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Saving the Banks45:14
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Citigroup Center is seen in New York on Monday, Feb. 23, 2009. (AP)
Citigroup Center is seen in New York on Monday, Feb. 23, 2009. (AP)

America’s big banks — most of them — are still there. The signs are out front. The ads are on TV.

But get down in their books, and some of America’s biggest banks are in serious trouble. Not enough capital — even after massive public bailout billions — to really do business. Zombie banks, they’re being called.

This week, the Obama administration is launching “stress tests” on the banks to see what they need to come fully back to life. And then what? Nationalization? More public billions? Are they too big to fail?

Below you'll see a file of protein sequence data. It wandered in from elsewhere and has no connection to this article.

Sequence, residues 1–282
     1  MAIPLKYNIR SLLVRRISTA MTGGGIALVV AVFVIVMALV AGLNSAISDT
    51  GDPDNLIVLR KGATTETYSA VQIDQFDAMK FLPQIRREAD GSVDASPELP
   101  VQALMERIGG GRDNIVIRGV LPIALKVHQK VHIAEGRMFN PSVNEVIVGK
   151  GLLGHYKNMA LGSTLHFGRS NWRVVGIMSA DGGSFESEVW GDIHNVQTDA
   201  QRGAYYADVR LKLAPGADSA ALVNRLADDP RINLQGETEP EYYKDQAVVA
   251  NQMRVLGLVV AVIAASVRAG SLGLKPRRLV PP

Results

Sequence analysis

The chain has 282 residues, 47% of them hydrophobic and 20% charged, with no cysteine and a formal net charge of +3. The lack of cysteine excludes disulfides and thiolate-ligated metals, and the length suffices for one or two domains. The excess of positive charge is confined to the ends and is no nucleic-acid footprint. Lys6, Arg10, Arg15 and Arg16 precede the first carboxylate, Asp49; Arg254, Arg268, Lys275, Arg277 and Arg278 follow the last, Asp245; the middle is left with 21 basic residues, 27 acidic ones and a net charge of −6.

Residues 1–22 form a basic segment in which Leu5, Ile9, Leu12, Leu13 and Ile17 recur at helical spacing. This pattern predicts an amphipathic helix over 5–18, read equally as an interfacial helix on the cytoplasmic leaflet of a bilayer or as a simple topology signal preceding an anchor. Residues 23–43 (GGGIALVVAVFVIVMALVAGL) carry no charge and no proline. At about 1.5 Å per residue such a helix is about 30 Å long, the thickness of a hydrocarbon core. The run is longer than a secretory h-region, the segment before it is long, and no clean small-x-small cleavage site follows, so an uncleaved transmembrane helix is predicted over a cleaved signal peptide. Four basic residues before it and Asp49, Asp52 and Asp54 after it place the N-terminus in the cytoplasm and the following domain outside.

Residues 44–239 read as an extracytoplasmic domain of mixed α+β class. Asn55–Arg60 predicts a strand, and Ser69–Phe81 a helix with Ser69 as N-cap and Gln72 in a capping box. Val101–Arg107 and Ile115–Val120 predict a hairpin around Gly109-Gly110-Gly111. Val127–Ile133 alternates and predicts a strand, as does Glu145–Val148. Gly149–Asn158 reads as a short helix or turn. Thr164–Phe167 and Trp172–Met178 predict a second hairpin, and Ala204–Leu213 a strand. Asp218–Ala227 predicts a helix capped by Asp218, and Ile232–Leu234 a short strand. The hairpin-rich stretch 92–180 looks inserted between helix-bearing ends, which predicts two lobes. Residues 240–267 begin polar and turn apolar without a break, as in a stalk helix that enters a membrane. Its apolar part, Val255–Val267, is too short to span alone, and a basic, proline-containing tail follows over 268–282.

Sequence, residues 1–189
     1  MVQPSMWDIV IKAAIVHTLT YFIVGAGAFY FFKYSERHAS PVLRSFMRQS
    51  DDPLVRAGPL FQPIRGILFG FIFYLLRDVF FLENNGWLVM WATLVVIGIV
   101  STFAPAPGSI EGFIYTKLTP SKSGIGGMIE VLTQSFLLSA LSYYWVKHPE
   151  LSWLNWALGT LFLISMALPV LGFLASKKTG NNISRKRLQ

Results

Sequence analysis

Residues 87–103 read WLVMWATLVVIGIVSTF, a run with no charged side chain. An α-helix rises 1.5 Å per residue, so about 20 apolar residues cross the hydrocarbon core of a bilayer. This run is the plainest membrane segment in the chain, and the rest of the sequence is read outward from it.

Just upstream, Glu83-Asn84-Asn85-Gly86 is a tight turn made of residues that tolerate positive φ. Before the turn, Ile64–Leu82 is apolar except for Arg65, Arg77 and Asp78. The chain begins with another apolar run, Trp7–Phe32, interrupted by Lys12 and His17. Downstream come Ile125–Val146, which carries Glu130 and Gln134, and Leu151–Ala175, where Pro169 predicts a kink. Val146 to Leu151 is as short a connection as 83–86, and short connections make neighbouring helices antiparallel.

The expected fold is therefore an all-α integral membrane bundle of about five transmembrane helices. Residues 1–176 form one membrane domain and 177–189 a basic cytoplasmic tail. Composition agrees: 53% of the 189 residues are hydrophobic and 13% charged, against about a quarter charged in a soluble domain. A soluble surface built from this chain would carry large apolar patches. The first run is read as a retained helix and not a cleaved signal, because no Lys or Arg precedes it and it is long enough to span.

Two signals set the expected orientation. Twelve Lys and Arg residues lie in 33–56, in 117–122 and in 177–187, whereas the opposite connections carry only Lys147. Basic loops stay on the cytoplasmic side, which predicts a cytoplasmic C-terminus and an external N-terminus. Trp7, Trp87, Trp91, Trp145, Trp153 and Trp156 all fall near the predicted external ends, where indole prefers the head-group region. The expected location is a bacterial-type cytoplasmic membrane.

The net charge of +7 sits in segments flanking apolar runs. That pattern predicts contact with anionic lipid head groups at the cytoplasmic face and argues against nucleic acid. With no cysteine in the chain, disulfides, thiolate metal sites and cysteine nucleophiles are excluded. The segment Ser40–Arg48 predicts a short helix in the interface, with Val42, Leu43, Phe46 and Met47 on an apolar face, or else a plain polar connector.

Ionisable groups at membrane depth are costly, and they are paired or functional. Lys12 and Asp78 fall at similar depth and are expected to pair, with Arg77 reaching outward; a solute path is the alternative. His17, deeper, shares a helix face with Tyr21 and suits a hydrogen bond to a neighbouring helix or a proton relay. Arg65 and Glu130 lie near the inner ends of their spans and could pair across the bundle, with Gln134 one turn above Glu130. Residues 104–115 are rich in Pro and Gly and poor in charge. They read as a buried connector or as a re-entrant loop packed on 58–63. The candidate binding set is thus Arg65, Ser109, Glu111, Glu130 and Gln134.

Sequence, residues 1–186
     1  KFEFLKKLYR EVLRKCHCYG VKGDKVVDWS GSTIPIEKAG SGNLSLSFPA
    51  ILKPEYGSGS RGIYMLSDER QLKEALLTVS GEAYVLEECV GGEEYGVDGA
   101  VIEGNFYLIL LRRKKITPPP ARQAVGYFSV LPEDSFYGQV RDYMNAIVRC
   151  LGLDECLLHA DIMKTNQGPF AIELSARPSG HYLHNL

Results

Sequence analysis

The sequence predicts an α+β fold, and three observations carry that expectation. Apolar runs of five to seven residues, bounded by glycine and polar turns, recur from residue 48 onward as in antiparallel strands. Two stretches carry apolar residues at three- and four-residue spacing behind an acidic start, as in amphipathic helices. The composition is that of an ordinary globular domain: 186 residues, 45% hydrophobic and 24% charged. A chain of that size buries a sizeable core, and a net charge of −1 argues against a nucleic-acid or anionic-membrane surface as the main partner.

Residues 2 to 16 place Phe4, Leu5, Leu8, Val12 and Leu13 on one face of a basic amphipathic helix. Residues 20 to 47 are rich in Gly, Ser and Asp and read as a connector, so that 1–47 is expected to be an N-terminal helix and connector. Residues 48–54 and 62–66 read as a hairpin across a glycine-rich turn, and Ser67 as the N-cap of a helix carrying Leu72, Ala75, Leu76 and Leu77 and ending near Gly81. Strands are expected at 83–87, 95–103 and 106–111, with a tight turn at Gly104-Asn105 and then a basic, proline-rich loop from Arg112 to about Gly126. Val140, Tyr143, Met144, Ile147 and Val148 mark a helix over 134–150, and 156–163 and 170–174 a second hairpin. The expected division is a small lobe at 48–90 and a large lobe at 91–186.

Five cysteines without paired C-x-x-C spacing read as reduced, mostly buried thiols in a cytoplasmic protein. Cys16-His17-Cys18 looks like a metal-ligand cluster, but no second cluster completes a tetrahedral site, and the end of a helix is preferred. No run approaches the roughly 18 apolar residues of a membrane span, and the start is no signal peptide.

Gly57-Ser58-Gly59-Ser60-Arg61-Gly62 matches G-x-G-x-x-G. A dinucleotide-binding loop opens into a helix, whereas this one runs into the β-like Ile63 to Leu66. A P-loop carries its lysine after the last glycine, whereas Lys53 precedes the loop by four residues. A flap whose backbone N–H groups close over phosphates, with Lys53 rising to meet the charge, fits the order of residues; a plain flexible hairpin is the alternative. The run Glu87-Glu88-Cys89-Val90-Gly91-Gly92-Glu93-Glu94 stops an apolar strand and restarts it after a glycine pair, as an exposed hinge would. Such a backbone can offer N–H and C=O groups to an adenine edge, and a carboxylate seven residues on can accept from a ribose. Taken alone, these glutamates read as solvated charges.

This hour, On Point: Saving the banks.

You can join the conversation. What accountability do you want from banks that are getting your tax dollars? What do you think when you hear “nationalization?”Guests:

Joining us from New York is Stephen Gandel, senior writer at Time magazine. His new piece is “Can Your Bank Pass the Stress Test?”

Joining us from Philadelphia is Franklin Allen. He’s a professor of finance and economics at the University of Pennsylvania’s Wharton school, and co-director of Wharton’s Financial Institutions Center.

With us from New York is Roy Smith. He’s a professor of entrepreneurship and finance at New York University’s Stern School of Business, and a former partner at Goldman Sachs.

And with us from Washington DC is Joe Klein, columnist for Time magazine and author of “Politics Lost: How American Democracy Was Trivialized by People Who Think You’re Stupid.” He’s also the author (as Anonymous) of the novel “Primary Colors,” a fictionalized account of Bill Clinton’s first presidential campaign in 1992.

More Links:

The Wall Street Journal explains the basics of "nationalization."

This program aired on February 24, 2009.

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